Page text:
After clicking on a kanji, whether your choice is right or wrong, you will have the possibility to have a look at the corresponding card
by pressing the space bar. Press again the spacebar to return to your test. (toggle) .
This is not a grading test and "cheating" by looking at the card is a good way to learn.
The "rules of the game"
The Japanese writing system is complex. As you know, Kanji have one or several
on-yomi (or sometimes none), one or several kun-yomi (or none), and many share
the same On or Kun readings.
Since we keep a score, we had to define some rules.
Naturally, on the test cards, kanji are displayed in random order.
When you give a good answer, the kanji is marked as "known" (although it
might be a little hasty) and is not tested again during the session. However,
it can reappear later as a distracter (i.e. a "wrong" kanji). The practice
will end after you have given 60 or fewer good answers (some kanji do not
have common On or Kun readings).
The on-yomi and kun-yomi tests only display the 2 most common readings.
Kanji that have no on-yomi or kun-yomi are not tested, but they might be
displayed as distracters.
The kanji tested and the distracters do not share the same readings.
The score is the number of good answers divided by the number of tries.
If you click on the wrong kanji, your score will be decreased.
If you go on looking for the right kanji after giving a wrong answer, your
score will remain unchanged.
But we advise you to go to the next card since the kanji you just missed will
be displayed once more, in another random position.
After missing a few times, the kanji that keeps reappearing will become obvious.
This program was designed as a game and not as a grading test, and we hope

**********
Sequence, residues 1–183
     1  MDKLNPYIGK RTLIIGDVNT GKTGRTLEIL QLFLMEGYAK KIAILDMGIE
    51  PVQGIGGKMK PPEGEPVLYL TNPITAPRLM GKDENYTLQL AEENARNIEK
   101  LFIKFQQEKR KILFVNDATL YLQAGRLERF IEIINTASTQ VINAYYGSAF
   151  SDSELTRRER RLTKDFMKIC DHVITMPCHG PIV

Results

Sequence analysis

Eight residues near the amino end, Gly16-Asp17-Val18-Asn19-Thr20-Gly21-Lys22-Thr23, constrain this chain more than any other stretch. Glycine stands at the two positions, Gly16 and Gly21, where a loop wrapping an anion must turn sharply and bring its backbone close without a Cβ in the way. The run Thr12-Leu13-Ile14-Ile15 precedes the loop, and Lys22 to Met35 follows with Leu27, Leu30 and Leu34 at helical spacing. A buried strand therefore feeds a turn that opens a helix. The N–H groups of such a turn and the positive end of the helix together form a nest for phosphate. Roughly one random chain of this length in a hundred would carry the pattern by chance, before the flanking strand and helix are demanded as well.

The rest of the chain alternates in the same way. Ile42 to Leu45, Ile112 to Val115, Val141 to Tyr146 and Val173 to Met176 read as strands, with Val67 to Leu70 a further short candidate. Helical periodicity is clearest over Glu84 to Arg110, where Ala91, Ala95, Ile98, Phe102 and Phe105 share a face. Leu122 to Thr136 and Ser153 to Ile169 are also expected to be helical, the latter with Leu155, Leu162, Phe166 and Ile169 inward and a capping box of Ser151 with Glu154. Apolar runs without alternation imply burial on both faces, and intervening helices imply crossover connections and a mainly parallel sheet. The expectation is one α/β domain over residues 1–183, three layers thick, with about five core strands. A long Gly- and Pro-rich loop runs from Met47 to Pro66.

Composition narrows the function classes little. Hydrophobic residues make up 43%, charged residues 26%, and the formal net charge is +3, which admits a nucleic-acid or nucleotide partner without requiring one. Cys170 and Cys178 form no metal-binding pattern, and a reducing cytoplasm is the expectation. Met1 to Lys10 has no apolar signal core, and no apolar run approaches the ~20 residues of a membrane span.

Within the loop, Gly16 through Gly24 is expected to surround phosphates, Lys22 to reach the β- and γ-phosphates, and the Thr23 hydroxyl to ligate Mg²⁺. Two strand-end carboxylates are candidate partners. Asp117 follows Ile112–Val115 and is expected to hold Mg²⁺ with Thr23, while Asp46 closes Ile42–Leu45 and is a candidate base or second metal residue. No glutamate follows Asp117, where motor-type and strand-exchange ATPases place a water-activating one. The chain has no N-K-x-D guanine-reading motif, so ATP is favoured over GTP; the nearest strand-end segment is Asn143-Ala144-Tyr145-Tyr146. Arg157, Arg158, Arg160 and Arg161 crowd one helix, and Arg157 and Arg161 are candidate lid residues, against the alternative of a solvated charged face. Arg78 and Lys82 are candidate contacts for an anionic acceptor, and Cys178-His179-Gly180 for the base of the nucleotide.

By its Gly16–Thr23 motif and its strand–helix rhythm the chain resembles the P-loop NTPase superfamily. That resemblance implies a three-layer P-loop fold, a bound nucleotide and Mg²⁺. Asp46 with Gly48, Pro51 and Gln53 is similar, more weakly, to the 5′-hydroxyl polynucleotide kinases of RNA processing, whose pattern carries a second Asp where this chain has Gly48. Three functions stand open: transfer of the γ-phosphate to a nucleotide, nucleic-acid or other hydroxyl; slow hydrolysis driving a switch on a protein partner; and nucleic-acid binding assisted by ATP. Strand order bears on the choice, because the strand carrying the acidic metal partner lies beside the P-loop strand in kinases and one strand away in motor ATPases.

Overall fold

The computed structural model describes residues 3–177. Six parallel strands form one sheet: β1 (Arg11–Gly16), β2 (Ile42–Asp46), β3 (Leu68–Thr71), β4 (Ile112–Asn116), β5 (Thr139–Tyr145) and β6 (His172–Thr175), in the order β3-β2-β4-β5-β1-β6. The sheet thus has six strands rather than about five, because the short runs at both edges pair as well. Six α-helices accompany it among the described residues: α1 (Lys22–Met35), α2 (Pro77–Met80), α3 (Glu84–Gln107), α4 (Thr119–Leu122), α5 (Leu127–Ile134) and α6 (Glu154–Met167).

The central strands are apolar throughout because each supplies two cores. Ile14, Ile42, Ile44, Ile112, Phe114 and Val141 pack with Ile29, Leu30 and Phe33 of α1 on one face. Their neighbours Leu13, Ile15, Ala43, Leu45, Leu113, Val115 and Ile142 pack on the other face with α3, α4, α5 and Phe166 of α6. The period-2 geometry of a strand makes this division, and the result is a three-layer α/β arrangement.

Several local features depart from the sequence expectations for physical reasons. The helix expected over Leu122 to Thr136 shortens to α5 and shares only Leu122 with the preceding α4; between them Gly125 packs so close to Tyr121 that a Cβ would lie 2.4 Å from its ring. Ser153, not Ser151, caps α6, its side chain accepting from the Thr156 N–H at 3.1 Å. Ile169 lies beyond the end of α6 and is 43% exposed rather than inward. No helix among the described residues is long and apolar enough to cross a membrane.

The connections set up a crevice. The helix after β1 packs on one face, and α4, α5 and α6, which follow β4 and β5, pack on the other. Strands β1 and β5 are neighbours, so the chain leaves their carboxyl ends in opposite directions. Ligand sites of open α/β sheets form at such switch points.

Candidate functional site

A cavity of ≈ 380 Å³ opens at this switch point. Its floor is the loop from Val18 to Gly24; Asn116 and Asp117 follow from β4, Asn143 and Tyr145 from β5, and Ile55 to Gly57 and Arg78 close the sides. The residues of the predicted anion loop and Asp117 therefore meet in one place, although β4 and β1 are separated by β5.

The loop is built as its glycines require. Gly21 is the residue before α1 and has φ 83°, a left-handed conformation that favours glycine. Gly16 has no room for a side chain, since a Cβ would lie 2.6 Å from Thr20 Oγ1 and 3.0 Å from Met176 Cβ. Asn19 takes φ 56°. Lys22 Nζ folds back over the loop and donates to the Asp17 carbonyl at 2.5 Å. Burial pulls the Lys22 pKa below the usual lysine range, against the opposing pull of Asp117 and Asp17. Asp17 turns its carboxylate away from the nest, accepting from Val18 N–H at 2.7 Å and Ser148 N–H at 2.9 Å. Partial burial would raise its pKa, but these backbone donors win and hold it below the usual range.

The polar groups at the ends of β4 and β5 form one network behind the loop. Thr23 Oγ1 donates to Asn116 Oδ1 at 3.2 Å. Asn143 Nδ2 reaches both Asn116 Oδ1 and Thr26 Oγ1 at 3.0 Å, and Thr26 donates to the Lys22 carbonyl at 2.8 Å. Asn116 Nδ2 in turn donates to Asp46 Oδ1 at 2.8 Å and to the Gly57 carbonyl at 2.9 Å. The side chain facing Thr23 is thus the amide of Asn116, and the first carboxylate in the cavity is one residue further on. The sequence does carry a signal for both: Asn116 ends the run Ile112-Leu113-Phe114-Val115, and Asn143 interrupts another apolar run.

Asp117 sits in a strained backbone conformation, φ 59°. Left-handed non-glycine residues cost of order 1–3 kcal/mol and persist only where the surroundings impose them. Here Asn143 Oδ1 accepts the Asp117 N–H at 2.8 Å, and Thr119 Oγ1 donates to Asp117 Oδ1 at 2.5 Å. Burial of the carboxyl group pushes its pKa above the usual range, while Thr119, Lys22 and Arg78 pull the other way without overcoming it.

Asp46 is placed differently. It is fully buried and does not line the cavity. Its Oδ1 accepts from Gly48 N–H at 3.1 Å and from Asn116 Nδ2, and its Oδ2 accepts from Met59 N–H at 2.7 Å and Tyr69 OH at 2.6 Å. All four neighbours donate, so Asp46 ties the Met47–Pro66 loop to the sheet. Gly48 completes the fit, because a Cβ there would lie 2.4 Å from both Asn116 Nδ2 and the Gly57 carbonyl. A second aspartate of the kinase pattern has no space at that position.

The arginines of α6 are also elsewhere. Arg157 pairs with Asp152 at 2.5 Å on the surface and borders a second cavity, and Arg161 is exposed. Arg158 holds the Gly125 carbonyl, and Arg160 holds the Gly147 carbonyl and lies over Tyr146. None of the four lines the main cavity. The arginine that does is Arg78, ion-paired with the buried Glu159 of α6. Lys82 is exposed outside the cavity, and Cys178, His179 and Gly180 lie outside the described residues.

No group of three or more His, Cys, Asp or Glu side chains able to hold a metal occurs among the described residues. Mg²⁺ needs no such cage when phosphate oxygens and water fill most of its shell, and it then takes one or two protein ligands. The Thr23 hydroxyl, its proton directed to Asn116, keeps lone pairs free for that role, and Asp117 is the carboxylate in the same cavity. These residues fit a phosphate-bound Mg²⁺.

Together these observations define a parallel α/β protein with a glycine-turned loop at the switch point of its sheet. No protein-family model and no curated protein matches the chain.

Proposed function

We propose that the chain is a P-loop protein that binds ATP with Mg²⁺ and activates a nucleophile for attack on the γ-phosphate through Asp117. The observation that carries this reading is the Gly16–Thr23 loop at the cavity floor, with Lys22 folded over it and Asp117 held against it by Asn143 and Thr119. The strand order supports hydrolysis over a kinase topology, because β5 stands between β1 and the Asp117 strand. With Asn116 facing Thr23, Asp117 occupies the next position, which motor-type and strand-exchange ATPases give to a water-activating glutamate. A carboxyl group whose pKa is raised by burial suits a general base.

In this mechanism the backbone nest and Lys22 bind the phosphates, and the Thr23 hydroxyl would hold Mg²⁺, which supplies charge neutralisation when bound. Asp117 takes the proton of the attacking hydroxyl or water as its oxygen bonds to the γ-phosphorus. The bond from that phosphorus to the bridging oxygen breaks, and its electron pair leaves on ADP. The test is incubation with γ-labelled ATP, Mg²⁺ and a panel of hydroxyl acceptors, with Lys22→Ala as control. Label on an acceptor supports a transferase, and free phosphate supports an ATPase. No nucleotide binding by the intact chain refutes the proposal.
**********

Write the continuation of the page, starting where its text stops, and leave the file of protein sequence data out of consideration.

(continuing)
this behavior will help you learn.
The score is only a means for you to keep track of your progress from one
time to another and to encourage you.
The report will display the date, the kanji range tested and your scores.
For security reasons, a Java applet is not allowed to read or write a file on your hard disk. Therefore, you
will have to select the text with the mouse, copy it by using the keyboard shortcuts (the save command
of your browser has no effect on a Java applet), and paste it in a text editor.
Its purpose is to help you keep track of your progress.
When you go through the tests, the program memorizes the wrong choices
and the kanji you should have chosen. You will find here the cards of the
kanji you should concentrate on. The behavior of the cards is the same as in the Review stack : you will be
able to hide or display the meanings and examples by clicking on the panels (toggle).
The search for examples was greatly facilitated by the existence of electronic dictionary files such as the famous Edict, a project started by
As a large number of English translations are similar to those given in this dictionary, this site and the information it contains is bound by the conditions stated in the licence and copyright
statement of the "The Electronic Dictionary Research and
Development Group, Monash University".
Project design and development: Roger Meyer
Proofreading of the Japanese data: Akemi Sano, Keiko Higuchi